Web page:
Six-Word Scouting Report: Retro chic Lombardi-style pulling guard.
Strengths: Blocking on the move, leverage, finishing.
Weaknesses: Size-Power, footwork.
Guards are the bass guitarists of the offensive line. Left tackles are the strutting front men. Centers are the brainy creative element. Right tackles are hard-hitting drummers. Guards are indispensable, yet they are easy to overlook, and somewhat interchangeable. Bill Wyman was one of the greatest bass players in history, but the Rolling Stones replaced him with a session musician 20 years ago, and "Gimmie Shelter" sounds just as good live now as it did in 1991, which is to say, about one-tenth as good as it sounded in 1971.
This draft marks the triumphant return of the guard as difference maker. DeCastro is a superb technician, like Jon Entwistle or James Jamerson. Cordy Glenn of Georgia is more like Lemmy Kilmister, ready to pummel the world into a rumbling submission. Kevin Zeitler of Wisconsin is smooth and precise like early Sting. Washington's Senio Kelemete is fiery and energetic like Geezer Butler. It's time to stop before someone gets compared to Tina Weymouth.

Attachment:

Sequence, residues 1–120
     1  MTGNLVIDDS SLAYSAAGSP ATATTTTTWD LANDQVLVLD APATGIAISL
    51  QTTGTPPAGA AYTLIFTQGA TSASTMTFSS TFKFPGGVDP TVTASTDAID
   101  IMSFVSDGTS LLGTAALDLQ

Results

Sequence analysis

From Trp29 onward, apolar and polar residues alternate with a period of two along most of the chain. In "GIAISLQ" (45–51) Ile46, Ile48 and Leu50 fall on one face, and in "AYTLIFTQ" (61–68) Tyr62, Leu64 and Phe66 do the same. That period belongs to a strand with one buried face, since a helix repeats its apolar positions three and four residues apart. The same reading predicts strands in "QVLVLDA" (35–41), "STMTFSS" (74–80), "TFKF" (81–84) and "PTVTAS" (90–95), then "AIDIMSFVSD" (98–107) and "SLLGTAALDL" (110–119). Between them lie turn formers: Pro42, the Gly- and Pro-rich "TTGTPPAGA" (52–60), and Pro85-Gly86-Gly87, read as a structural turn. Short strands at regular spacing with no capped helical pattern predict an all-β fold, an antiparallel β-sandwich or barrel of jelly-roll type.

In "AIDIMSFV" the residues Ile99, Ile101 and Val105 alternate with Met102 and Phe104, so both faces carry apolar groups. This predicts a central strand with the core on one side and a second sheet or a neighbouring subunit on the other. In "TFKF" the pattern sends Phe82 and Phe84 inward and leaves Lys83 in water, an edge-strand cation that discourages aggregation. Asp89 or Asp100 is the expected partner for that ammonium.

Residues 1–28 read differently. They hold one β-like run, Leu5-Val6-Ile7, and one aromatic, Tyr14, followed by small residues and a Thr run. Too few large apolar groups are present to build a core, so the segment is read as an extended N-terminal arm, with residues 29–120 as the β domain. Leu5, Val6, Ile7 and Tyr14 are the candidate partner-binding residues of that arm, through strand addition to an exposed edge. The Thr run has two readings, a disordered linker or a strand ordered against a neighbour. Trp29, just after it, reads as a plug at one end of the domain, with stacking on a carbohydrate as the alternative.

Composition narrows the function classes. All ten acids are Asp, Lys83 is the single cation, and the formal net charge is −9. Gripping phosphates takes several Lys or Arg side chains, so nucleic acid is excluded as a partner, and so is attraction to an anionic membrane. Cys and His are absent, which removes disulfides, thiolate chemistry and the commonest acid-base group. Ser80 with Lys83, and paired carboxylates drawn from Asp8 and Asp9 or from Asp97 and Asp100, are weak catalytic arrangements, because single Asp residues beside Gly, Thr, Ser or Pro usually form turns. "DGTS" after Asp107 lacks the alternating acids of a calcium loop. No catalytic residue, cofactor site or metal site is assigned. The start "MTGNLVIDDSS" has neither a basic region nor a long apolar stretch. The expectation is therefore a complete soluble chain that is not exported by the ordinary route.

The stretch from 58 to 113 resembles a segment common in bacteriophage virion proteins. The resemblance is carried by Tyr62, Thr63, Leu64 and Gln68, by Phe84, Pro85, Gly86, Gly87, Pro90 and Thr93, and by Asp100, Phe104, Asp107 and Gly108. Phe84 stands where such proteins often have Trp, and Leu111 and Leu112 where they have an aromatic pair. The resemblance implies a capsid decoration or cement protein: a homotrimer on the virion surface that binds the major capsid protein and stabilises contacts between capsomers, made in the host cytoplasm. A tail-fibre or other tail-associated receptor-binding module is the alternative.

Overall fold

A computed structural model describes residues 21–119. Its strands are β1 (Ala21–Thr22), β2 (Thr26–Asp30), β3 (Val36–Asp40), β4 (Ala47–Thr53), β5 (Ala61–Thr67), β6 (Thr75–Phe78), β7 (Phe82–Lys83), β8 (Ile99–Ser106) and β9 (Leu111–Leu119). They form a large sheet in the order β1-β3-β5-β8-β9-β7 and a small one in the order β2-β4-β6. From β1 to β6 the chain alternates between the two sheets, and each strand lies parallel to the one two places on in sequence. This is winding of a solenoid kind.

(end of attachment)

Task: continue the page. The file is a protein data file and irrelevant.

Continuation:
DeCastro's strength is his ability to block on the move. He pulls out quickly to lead sweeps, can slip behind fellow linemen to trap block, and has quick feet in pass protection. One of the hardest elements of pull blocking is knowing what to do when you turn the corner and see three defenders closing on your running back, but DeCastro understands blocking schemes and chooses the right opponent to hit. Once he engages, DeCastro stays locked to his defender.
Those were great attributes for a guard to have for most of football history, but pull-blocking techniques have fallen out of favor in the pass-happy modern N.F.L.The Steelers are more of a drive blocking team, but they cannot be choosy when a lineman of DeCasto's caliber slides down the draft board. The Steelers allowed 42 sacks last year, and no lineman was healthy enough to start more than 14 games.